Henry David Thoreau

Why Writers Need to Walk

Henry David Thoreau wrote, “It requires a direct dispensation from heaven to become a walker.” What beautiful words, fitting for a man who spent two years, two months, and two days in his singular “experiment in simplicity” at Walden Pond. Thoreau’s time at Walden included daily walks in the Walden Woods–long rambles that could last for hours.

Jane Austen stated her devotion to perambulating more simply. Ms Austen declared, “I walk: I prefer walking.” Her walks from her home Chawton Cottage to Alton Village, a bit over a mile away, have now become the Jane Austen Trail–a testament to her mark on literature and the countryside she called home.

It’s easy to be carried away by the sense of romanticism we project onto the times and places these authors inhabited. Thoreau’s marvelous solitude at Walden Pond, his long walks through the woods, writing by a crackling fire at night, kept company by the night sounds surrounding his one-room cabin.

And Jane Austen! How many women have pictured themselves walking those miles from cottage to village, gathering up their skirts to step the stiles and cross the footpath bridge over the stream, experiencing in that simple activity a wonderful timeless freedom.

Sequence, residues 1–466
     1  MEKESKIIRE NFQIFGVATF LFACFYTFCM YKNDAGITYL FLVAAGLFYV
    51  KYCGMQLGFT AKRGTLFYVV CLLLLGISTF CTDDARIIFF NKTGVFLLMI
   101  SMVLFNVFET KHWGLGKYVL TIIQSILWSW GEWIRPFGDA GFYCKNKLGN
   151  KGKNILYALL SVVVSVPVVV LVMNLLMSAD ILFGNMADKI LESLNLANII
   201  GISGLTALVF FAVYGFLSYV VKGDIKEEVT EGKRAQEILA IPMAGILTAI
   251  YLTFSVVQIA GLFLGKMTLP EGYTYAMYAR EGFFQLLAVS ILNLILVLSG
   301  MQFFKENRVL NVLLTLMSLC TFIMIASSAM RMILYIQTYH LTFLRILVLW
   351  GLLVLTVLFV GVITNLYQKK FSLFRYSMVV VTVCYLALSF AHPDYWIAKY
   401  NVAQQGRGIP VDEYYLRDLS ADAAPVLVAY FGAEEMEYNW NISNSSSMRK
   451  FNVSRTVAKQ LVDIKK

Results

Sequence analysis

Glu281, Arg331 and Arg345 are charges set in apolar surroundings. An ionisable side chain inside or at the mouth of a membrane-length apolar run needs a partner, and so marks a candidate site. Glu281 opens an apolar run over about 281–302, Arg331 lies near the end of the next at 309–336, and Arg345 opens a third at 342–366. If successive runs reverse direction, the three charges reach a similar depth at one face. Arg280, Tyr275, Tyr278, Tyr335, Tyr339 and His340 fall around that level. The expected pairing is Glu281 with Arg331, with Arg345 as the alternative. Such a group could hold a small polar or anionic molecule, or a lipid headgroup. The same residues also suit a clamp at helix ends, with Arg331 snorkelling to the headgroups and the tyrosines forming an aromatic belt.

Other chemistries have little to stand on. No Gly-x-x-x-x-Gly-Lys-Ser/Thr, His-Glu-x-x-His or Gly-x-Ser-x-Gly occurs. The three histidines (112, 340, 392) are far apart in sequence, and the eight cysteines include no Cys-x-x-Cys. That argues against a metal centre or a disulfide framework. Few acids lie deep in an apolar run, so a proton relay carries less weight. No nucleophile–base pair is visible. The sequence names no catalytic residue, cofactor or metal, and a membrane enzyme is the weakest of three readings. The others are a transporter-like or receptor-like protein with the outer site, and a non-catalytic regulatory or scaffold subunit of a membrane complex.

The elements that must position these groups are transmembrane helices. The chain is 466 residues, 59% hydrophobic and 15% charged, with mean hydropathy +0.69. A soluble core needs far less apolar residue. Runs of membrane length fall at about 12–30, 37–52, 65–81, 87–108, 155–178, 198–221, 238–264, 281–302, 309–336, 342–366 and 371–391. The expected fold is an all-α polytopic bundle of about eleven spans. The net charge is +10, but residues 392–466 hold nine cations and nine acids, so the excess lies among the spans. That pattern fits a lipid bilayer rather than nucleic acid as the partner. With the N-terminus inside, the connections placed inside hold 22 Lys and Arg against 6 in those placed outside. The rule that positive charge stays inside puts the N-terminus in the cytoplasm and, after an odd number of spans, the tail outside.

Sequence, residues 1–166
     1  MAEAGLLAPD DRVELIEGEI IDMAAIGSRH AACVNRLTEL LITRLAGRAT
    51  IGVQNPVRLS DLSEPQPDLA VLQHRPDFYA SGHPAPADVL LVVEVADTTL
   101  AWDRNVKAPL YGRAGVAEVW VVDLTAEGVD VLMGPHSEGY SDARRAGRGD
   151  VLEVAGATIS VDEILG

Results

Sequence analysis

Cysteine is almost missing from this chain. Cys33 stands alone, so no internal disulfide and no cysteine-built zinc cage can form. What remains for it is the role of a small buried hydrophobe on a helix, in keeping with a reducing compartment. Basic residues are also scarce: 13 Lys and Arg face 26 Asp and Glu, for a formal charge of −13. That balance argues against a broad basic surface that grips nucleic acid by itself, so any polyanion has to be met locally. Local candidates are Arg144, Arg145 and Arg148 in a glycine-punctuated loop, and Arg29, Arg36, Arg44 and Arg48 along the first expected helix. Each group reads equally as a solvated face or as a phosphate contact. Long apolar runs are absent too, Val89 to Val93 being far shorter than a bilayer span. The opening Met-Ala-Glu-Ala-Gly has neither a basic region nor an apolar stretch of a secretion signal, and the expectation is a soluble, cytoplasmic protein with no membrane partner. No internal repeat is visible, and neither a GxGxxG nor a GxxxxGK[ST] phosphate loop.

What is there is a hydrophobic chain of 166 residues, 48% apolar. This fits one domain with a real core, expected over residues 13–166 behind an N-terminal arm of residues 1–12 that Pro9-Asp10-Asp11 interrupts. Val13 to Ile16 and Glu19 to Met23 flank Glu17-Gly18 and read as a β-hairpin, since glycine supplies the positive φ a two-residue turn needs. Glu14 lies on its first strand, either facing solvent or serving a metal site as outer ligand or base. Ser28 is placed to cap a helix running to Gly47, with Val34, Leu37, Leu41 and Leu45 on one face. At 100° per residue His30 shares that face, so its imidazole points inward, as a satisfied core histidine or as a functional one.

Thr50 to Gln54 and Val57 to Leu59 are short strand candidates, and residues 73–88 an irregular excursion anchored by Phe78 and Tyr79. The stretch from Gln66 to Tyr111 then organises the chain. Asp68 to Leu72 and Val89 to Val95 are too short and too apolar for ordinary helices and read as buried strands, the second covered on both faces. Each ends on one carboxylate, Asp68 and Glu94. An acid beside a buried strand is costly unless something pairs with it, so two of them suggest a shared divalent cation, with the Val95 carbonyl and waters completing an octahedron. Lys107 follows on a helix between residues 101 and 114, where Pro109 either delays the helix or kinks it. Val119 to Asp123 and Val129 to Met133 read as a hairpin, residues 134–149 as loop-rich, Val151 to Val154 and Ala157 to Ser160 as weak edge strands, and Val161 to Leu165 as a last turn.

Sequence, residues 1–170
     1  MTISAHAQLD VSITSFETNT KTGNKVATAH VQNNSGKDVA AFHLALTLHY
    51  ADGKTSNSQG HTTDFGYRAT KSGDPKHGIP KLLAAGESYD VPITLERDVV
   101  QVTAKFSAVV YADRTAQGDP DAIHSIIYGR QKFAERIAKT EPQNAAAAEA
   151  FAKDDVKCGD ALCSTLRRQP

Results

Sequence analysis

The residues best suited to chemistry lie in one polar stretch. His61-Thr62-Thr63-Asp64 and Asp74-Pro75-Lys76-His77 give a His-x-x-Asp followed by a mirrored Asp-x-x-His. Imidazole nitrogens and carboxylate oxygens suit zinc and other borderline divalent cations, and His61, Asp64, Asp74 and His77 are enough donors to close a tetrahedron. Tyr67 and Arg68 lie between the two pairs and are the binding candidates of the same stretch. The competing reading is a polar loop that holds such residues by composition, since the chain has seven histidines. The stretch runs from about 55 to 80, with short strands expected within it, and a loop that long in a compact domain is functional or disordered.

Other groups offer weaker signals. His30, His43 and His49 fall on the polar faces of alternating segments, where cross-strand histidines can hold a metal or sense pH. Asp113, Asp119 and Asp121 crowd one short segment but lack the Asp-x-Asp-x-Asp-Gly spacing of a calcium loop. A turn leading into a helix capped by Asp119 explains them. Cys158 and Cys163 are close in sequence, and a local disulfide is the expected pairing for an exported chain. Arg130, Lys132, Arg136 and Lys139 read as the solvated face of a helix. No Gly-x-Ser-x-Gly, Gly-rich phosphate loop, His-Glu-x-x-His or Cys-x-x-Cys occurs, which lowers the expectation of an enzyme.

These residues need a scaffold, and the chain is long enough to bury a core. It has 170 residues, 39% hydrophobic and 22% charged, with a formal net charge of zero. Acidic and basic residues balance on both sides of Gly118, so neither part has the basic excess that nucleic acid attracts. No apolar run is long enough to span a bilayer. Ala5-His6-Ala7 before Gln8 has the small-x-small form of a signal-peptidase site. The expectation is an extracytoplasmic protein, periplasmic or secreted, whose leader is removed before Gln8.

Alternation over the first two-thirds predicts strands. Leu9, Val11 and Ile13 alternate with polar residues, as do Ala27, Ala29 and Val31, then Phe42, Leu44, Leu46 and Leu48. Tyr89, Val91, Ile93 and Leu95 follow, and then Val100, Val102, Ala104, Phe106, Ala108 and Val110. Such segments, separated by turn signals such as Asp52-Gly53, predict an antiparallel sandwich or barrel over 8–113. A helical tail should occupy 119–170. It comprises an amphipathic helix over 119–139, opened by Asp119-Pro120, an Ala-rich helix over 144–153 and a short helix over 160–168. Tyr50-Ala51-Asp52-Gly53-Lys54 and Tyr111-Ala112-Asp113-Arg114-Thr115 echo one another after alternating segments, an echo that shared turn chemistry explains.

As a writer and devoted daily walker, I believe there will always be a romance, a dance of sorts, between the writer and the natural world, the solitude of the pen on paper (today fingers on keyboard), the flow of words from the unseen to the seen. A unique connection exists between the writer and the world we inhabit. Many of us are inspired by walking; our muse speaks more clearly as we make our way along the trail or road or path. But why is that?

Fast forward from the 1800’s to just a few years ago and we find out why walking is the writer’s best friend. In 2014 Marily Oppezzo, a Stanford doctoral graduate in educational psychology, and Daniel Schwartz, a professor at Stanford Graduate School of Education published Give Your Ideas Some Legs: The Positive Effect of Walking on Creative Thinking. Their research proved that walking increases creativity by 60%. Goodbye writer’s block, hello wonderful words! And don’t worry, when seated at your desk, capturing the brilliance from your walk in written form, you will still be experiencing a “residual creative boost”.

In summary the study showed, “Walking opens up the free flow of ideas, and it is a simple and robust solution to the goals of increasing creativity and increasing physical activity.” So regardless of what kind of wordsmith you are: author, blogger, essayist, speech writer, editor, journalist, etc, walking is your optimal work space. How wonderful is that? The philosopher Friedrich Nietzsche said, “All truly great thoughts are conceived by walking”.

That’s why writers need to walk.